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The ability to decrease inflammation and promote healing is important in the intervention and management of a variety of disease states, including osteoarthritis of the knee (OAK). Even though cyclooxygenase 2 (COX2) has an established pro-inflammatory role, evidence suggests it is also critical to the resolution that occurs after the initial activation phase of the immune response. In this study, we investigated the effects of the low molecular weight fraction of 5% human serum albumin (LMWF-5A), an agent that has proven to decrease pain and improve function in OAK patients after intra-articular injection, on the expression of COX2 and its downstream products, prostaglandins (PGs).
Fibroblast-like synoviocytes from the synovial membrane of OAK patients were treated with LMWF-5A or saline as a control with or without the addition of interleukin-1β (IL-1β) or tumor necrosis factor α (TNFα) to elicit an inflammatory response. Cells were harvested for RNA and protein at 2, 4, 8, 12, and 24 h, and media was collected at 24 h for analysis of secreted products. COX2 mRNA expression was determined by qPCR, and COX2 protein expression was determined by western blot analysis. Levels of prostaglandin E2 (PGE2) and prostaglandin D2 (PGD2) in the media were quantified by competitive ELISA.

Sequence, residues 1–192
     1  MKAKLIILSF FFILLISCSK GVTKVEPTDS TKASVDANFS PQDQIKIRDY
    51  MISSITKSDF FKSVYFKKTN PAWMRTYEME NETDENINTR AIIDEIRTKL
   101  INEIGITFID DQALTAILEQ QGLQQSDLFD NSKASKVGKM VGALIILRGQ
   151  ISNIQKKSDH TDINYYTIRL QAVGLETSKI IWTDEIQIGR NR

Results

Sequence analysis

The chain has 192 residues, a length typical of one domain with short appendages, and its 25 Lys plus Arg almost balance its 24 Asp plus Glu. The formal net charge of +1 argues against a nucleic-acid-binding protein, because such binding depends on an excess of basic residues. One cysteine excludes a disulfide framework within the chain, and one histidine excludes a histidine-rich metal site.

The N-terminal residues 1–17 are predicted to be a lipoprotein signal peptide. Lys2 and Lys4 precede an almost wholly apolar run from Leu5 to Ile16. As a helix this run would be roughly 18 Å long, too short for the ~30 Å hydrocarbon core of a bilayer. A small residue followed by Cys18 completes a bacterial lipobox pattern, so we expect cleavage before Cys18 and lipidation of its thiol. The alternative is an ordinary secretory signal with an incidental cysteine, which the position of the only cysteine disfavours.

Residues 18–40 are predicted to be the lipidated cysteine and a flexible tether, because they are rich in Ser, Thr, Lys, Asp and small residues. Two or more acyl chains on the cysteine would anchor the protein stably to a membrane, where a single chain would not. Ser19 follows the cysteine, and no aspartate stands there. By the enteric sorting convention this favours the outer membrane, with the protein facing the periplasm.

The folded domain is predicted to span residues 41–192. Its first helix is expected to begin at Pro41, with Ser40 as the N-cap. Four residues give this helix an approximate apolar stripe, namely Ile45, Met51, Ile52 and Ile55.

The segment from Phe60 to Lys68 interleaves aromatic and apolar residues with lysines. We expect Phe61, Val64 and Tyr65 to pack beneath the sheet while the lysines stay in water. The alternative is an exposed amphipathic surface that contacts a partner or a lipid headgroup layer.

In the presence of either IL-1β or TNFα, LMWF-5A increased the expression of both COX2 mRNA and protein, and this increase was significant compared to that observed with IL-1β- or TNFα-stimulated, saline-treated cells. Downstream of COX2, the levels of PGE2 were increased only in TNFα-stimulated, LMWF-5A-treated cells; however, in both IL-1β- and TNFα-stimulated cells, LMWF-5A increased the release of the anti-inflammatory prostaglandin PGD2.
LMWF-5A appears to trigger increased anti-inflammatory PG signaling, and this may be a primary component of its therapeutic mode of action in the treatment of OAK.